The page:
, . . Top Shelf/Eddie Campbell Books, $14.95 (160pp) ISBN 978-0-9577896-6-1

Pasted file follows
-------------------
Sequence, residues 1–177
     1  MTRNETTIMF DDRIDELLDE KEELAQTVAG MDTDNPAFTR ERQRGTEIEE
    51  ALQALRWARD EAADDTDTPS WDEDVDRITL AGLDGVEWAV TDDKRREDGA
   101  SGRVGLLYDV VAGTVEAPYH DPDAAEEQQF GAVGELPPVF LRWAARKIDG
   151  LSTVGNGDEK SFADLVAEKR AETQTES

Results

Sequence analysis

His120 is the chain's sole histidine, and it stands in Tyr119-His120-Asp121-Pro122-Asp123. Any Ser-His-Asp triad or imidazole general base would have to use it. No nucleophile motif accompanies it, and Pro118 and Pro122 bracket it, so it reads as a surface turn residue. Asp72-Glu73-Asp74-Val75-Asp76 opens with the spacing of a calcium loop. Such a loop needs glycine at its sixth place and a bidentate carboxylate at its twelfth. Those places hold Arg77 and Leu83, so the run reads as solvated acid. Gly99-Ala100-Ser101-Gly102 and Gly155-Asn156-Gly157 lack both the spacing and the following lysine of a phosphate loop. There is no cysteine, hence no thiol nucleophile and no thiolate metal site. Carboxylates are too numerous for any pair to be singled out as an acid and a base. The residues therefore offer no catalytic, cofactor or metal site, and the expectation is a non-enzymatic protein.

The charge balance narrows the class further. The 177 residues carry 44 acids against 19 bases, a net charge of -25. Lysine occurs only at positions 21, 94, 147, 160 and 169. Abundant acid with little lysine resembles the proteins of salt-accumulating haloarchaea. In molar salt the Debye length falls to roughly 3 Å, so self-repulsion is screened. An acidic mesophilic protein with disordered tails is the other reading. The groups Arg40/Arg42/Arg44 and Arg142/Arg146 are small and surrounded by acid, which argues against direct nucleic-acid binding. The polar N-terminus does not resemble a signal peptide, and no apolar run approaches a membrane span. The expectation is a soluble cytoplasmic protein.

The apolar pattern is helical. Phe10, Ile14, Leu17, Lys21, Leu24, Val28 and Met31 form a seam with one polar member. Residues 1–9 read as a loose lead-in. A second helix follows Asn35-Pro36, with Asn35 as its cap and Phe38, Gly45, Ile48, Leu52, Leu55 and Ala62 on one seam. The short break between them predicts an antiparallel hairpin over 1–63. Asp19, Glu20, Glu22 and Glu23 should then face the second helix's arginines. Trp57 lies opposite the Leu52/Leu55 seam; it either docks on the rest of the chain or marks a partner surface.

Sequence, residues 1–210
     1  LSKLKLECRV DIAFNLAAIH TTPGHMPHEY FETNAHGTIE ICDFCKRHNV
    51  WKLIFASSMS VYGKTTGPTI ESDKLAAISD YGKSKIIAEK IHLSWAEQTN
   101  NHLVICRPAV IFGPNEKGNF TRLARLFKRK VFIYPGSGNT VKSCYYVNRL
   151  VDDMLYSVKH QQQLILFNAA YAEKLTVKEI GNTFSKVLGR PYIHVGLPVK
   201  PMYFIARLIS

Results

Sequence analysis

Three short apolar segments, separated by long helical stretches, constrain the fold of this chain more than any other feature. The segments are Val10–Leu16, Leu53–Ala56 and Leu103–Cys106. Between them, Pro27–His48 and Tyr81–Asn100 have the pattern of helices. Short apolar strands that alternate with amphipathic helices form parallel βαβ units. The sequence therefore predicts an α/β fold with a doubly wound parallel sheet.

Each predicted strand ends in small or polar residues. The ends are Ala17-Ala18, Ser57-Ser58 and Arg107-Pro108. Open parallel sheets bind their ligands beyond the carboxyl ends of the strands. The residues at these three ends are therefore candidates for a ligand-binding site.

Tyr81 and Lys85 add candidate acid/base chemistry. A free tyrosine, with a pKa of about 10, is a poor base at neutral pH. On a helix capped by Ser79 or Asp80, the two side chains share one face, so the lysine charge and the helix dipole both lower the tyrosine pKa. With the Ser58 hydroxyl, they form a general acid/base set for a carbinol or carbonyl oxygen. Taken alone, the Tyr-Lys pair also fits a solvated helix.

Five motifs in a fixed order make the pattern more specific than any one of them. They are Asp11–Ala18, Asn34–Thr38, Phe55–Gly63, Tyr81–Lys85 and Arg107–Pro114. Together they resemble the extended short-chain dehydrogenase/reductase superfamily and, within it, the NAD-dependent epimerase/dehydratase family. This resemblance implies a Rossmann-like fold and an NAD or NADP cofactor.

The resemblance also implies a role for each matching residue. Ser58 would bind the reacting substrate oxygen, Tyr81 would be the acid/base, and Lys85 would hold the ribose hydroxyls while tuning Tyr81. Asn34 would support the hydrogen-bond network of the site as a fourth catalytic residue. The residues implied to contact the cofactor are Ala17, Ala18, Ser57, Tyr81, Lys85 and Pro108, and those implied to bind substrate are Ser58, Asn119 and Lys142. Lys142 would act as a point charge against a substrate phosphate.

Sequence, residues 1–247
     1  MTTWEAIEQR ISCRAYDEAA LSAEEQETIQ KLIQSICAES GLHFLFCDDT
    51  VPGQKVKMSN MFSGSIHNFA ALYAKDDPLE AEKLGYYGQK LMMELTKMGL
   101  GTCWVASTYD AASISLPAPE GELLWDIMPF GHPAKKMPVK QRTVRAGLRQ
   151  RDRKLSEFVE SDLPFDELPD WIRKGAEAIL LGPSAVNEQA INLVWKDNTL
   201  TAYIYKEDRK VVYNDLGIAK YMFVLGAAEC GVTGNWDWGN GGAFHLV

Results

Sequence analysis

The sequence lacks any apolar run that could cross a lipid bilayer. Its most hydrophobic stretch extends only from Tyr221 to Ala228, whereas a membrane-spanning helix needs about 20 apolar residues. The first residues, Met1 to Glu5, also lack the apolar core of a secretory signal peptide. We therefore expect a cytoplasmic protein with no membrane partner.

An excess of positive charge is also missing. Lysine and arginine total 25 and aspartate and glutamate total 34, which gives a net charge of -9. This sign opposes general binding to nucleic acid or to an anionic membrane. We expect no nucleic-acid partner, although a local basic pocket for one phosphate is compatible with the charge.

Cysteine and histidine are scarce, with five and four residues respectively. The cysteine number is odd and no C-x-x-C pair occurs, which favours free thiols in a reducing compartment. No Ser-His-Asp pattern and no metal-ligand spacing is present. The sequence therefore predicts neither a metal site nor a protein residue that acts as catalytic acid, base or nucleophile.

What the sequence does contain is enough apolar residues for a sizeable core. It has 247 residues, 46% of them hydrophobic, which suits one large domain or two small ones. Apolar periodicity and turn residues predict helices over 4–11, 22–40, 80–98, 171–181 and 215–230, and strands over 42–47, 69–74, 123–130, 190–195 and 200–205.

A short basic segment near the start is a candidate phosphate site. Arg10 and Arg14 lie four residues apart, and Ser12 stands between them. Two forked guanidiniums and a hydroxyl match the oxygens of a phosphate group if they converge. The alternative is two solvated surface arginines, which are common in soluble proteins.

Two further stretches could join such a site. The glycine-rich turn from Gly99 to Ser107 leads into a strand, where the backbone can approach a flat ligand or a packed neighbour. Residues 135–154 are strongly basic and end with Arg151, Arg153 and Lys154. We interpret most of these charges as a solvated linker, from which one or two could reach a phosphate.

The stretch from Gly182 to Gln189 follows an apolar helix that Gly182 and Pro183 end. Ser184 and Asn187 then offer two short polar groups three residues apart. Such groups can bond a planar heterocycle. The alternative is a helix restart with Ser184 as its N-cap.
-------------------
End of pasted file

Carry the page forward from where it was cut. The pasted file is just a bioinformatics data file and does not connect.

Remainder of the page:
Campbell, maestro of the offhanded understatement and the distressed ink line, has published a book starring himself that surveys the terrors of middle age. Originally a series of short autobiographical vignettes, the book is both more illuminating and less solipsistic than the subject of male midlife anxiety might suggest. The episodes, which vary from a single page to multiple spreads, depict Campbell going about his daily work as a comic book artist, self-publisher of comics, court sketcher, husband, father, son and friend. Throughout, Campbell establishes himself as a character with wry, self-deprecating humor, even during those sleepless nights when he struggles with the midlife demon (depicted in these pages as a mothlike creature with an extravagantly curved proboscis). The result is a grab bag of highly personal reflections that take as much interest in a blade of grass stuck in his cat's backside as in the effects of Hollywood fame on finances and family life. Domestic pleasures might be the last thing readers would expect from the collaborator/ illustrator of Alan Moore's meticulously plotted and drawn Jack the Ripper epic (and hit Hollywood film) From Hell, but Campbell is more concerned with the behind-the-scenes messiness that goes into telling a good story than with carefully orchestrated coherence. This casual approach to narrative also comes out in the scratchy, improvisational quality of Campbell's drawings. Idiosyncratic and expertly rendered, his art insinuates its way into readers' memories. (Mar.)